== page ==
In the summer of 1996, 20-year-old Downers Grove resident Jeff Yackley rode a motorcycle with his future wife, Julianne, behind him in Frankfort.
He collided head-on with a pickup truck and suffered permanent nerve damage to his left leg. He said he had a drop foot and the accident separated his hip from his body.
Julianne also suffered injuries, but since landing on Jeff after the impact, her injuries weren’t as severe or as long-lasting.
For Jeff, who was active in sports at Downers Grove North and the College of DuPage, his athletic days seemed over and his disability required him to wear an ankle brace.
Yackley, now a 56-year-old Lemont resident, is a pitcher for the Lincolnway Special Recreation Association Hawks. The Hawks hosted and participated in the USA Wheelchair Softball World Series, which was scheduled Thursday through Saturday at five courts in the Ozinga Field parking lot in Crestwood. Teams cannot maneuver on grass or turf, so the concrete outside the stadium served the athletes well.
Yackley is also a member of Team USA, which is coached by Keith Wallace of Frankfort and Sue Dineen of Oak Lawn.
At 20, Yackley said he accepted his fate.
“I wasn’t bitter and I was young enough to be able to stay active, although I couldn’t do the same things at the level I was at,” he said. “I had to use my right leg more than before.
“No bitterness. The Lord has a strange way of changing plans and details, and you have to accept things.
He said his only regret about the way things turned out was not knowing that adaptive sports existed. Adaptive sports were not well publicized back then and there was no internet to spread the word.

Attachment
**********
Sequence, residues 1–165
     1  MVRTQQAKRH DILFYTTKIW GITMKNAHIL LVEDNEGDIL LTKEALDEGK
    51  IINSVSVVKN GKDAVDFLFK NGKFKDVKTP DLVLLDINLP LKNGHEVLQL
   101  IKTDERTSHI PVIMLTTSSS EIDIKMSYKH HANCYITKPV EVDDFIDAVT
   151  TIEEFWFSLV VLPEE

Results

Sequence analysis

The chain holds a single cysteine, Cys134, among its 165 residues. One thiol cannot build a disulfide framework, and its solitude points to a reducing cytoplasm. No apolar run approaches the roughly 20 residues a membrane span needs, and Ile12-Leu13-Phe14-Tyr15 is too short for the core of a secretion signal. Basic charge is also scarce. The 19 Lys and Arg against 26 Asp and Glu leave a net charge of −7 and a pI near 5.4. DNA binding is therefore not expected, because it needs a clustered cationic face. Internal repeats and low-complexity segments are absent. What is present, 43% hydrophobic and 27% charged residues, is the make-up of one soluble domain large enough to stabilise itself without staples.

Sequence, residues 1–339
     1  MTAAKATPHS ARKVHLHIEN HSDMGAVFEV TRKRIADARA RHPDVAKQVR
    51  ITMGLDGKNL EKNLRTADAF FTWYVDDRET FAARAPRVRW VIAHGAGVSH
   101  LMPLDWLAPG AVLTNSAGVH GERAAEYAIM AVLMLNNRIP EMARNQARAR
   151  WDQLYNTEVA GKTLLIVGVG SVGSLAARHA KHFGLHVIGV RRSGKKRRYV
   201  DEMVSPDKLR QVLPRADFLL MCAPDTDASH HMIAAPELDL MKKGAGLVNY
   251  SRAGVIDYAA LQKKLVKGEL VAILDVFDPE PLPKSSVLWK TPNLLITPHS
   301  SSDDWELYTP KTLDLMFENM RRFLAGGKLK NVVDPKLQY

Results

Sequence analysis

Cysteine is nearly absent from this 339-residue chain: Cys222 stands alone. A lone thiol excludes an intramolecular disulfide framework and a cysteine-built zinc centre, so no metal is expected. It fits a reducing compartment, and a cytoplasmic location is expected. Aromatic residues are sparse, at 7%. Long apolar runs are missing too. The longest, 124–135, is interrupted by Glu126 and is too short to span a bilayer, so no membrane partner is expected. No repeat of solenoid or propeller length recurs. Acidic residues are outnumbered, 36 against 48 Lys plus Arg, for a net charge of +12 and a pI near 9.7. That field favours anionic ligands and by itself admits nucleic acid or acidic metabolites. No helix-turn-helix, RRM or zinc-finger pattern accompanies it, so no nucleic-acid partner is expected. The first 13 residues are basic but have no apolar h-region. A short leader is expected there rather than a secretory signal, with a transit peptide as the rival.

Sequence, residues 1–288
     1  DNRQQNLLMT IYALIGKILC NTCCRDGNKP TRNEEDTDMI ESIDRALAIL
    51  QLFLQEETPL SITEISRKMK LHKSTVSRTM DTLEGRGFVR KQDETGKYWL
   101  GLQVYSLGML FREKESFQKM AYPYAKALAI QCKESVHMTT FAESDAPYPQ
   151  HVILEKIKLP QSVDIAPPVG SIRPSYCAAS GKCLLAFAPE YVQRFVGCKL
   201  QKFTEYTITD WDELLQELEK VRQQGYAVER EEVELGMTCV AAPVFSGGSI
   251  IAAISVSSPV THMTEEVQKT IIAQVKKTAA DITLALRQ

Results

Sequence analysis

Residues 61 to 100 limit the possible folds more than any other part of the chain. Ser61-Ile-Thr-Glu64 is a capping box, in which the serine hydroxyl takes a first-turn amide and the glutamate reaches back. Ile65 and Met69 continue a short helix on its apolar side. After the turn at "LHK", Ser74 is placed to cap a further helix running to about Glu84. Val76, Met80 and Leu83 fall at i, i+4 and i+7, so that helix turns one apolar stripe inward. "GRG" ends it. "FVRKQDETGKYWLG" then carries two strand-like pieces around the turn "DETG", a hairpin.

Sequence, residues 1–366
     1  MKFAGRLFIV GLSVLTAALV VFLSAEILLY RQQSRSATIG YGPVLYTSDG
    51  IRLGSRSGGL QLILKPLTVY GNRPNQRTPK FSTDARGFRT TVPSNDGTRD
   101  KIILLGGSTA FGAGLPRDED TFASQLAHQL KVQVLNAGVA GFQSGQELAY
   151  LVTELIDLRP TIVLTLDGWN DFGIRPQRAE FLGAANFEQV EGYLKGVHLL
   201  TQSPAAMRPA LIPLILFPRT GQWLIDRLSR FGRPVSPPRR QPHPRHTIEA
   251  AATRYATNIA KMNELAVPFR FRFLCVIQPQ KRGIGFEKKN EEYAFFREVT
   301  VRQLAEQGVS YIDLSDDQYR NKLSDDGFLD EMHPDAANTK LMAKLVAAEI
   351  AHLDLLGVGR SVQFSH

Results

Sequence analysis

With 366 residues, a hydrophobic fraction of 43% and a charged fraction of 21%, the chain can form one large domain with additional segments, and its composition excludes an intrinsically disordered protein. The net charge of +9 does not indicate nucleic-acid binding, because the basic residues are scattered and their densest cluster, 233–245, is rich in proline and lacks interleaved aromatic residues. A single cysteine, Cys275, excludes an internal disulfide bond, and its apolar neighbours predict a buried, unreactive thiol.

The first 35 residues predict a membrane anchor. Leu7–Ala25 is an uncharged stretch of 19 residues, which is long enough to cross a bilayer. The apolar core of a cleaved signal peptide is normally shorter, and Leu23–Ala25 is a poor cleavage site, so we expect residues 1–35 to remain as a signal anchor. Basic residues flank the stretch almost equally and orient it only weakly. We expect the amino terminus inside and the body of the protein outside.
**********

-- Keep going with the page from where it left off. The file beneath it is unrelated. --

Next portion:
Yackley said he learned it on a mission trip to Kenya seven years ago. Her roommate was Wallace, who is also a coach and executive director of the Lincolnway Special Recreation Association.
Wallace took one look at Yackley’s brace and decided he was a perfect candidate for wheelchair sports.
“I wish I had discovered these adaptive sports when I was in my twenties,” Yackley said. “Who knows what I could have done? But I was certainly blessed. I got to play basketball and what a humiliating sport it is. These players are much better than me. They are faster and better. It overwhelmed me a bit. »
Yackley is in his 23rd year at the Links at Carillon in Plainfield and has been director of golf there since 2008. He is also the captain of the Chicago Bears Great Lakes Adaptive Sports Association wheelchair football team and was scheduled to compete in a tournament Saturday and Sunday at the College of Lake County in Grayslake.
“I want to hang on for as long as possible and I want to do it until my body gives out,” he said. “I feel like I’m 30 and I love my team. The Lord has blessed me to be able to come here and physically hold on and play.
The Hawks, who finished third in the World Series in 2021, opened the 17-team double-elimination tournament with a 15-0 victory over the West Michigan Rollin Whitecaps and a 13-2 triumph over the Deep South Hurricanes.
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Other members of Wallace’s list are Jake Williams, Devin Lockett, Will Smith, Paul Smith, Keith Cooper, Jimmy Jackson, Billy Smith, Dan Douglas, JR Boyer, Dino Ramirez, Alex Parra, Drew Cichon, Jay Robinson, Justin Hillman , Juan Ortiz. , Jorge Alfaro, Dan Palmer and Nicki Vansa.
The Nebraska Barons are the defending World Series champions and are the top seed this year. They won their first two games by a combined score of 31-5.
The team that came the furthest was an all-star team from Japan. He opened the series as the fifth seed and defeated the Houston Astros, 15-1 and eliminated the fourth-seeded Columbus Pioneers, 16-7.
After a 13-hour flight, the Japanese players spent time in Chicago a few days before the tournament and on Thursday night they planned to attend a Windy City Thunderbolts game.
Coach Yuta Saito said that this group is only together for one tournament and the players will return to Japan and disperse to their different teams.
“Of course they want to win this tournament,” Saito said. “Players want to gain experience by playing abroad. When they return home, they will have the experience of playing with teams like these.
Jeff Vorva is a freelance journalist for the Daily Southtown.